Communication and Perception

The large eyes of crocodile sharks suggest that it is a visual hunter, specializing in bioluminescent and light-refracting prey (Martin 2003). Additionally, the crocodile shark is electroreceptive; it can sense changes in the surrounding electrical field (Martin 2003). Sharks, in general, also have a keen sense of chemical perception. (Martin, 2003)

Food Habits

Crocodile sharks are carnivores; they eat small bony fish, squids, and shrimp (Compagno 1984). They have protrusible and muscular jaws that suggest they are capable of eating a wide variety of prey (Martin 2003). Beyond this, very little is known about the specific feeding habits of crocodile sharks. (Compagno, 1984; Martin, 2003)

  • Animal Foods
  • fish
  • mollusks
  • aquatic crustaceans

Predation

Very little is known about any anti-predator adaptations that the crocodile shark may exhibit. However, when removed from water, the crocodile shark snaps its powerful jaw vigorously, almost like a "crocodile." This may serve as a defense mechanism to fight off predators (Martin 2003). There are no known predators of crocodile sharks. (Martin, 2003)

Ecosystem Roles

Very little is known about the role crocodile sharks play in the ecosystem to which they belong. However, sharks in general are usually important predators in aquatic ecosystems (Martin 2003). (Martin, 2003)

Economic Importance for Humans: Positive

Crocodile sharks do not provide many benefits to humans; their large, squalene-rich liver is a source of potential value (Martin 2003). However, crocodile sharks generally are discarded due to their small size and useless flesh (Compagno 1984). (Compagno, 1984; Martin, 2003)

  • Positive Impacts
  • body parts are source of valuable material

Economic Importance for Humans: Negative

Crocodile sharks have never been implicated in attacks on humans and are deemed harmless (Martin 2003). Thus, there are no known adverse effects of crocodile sharks on humans. (Martin, 2003)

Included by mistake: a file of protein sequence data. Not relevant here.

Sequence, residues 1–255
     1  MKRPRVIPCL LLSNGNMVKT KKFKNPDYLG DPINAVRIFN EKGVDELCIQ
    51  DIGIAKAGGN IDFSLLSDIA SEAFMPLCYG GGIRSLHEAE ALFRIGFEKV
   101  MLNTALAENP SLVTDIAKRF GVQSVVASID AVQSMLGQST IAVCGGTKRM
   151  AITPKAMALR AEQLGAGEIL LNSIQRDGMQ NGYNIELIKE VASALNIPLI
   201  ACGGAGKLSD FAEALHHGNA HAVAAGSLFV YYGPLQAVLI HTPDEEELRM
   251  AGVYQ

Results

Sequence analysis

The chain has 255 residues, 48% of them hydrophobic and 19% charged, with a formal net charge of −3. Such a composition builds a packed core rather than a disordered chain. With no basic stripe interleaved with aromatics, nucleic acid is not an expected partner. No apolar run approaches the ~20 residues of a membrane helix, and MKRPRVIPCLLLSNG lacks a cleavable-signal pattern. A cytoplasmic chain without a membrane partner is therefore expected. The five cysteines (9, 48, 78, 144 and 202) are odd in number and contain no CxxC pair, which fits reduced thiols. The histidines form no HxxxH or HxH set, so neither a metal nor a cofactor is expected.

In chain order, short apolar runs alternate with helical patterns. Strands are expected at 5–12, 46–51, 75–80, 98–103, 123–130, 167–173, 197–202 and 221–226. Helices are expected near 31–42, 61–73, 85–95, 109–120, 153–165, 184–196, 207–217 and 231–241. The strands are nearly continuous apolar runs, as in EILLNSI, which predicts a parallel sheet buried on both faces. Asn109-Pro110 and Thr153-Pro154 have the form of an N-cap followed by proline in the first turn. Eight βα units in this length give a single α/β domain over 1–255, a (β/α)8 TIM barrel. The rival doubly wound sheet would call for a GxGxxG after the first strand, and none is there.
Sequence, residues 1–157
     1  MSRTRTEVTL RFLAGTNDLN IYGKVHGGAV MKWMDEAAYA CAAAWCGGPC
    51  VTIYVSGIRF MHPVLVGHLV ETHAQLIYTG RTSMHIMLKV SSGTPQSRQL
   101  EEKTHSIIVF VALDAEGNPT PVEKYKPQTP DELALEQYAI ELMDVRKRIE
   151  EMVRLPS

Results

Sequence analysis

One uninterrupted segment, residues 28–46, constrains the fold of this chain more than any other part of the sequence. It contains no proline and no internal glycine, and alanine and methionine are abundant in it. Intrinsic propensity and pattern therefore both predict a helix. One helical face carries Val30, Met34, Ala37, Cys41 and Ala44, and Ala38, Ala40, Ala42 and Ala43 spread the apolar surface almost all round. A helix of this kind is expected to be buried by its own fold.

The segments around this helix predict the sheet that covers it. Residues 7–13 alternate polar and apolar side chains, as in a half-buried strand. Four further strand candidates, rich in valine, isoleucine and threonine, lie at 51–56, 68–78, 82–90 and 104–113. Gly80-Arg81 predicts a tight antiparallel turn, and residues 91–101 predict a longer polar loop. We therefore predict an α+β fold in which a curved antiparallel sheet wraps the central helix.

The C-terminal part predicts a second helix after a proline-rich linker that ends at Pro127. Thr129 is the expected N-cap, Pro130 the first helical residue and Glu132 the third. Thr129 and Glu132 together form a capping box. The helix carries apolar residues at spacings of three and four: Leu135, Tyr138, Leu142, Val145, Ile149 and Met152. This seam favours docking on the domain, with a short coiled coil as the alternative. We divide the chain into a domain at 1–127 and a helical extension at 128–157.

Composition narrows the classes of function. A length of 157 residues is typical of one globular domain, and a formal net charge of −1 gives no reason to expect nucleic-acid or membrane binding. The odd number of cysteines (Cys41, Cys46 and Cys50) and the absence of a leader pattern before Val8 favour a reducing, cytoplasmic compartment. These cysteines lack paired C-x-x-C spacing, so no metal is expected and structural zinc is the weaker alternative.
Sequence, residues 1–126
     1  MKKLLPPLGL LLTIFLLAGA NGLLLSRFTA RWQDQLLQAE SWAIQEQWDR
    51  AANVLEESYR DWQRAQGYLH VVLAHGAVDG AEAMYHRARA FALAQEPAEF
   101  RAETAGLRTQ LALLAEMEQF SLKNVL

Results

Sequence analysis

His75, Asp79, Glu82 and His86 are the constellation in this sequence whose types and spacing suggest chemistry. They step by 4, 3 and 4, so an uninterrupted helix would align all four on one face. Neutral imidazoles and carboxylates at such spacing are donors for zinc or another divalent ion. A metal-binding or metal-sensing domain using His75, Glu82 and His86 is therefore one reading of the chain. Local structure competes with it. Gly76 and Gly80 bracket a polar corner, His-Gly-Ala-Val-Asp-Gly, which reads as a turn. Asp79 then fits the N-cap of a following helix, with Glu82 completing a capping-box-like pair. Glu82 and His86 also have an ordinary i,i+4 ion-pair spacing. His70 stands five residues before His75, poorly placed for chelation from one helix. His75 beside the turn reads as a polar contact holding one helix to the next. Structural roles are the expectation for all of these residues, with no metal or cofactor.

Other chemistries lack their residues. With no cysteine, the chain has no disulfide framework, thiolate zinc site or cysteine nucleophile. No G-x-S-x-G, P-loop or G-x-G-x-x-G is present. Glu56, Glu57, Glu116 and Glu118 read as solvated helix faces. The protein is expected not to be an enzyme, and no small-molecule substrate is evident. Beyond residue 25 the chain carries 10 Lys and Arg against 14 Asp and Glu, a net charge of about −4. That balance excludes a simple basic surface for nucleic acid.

Conservation Status

Due to small size and wide range in habitat, very little information has been accumulated on crocodile sharks. The current population size is unknown, however, crocodile sharks are vulnerable to catching by long-line fisheries (Martin 2003). There is no information to indicate trends in population size, but due to bycatch a population decline is probable (Compagno 2002). As a result, the IUCN Red List of Threatened Species has labeled crocodile sharks at low risk for extinction. (Compagno, 2002; Martin, 2003)

Contributors

Tanya Dewey (editor), Animal Diversity Web.

Nitin Sharma (author), University of Michigan-Ann Arbor, Kevin Wehrly (editor, instructor), University of Michigan-Ann Arbor.

Glossary

Atlantic Ocean

the body of water between Africa, Europe, the southern ocean (above 60 degrees south latitude), and the western hemisphere. It is the second largest ocean in the world after the Pacific Ocean.

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Australian

Living in Australia, New Zealand, Tasmania, New Guinea and associated islands.

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Ethiopian

living in sub-Saharan Africa (south of 30 degrees north) and Madagascar.

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Neotropical

living in the southern part of the New World. In other words, Central and South America.

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Pacific Ocean

body of water between the southern ocean (above 60 degrees south latitude), Australia, Asia, and the western hemisphere. This is the world's largest ocean, covering about 28% of the world's surface.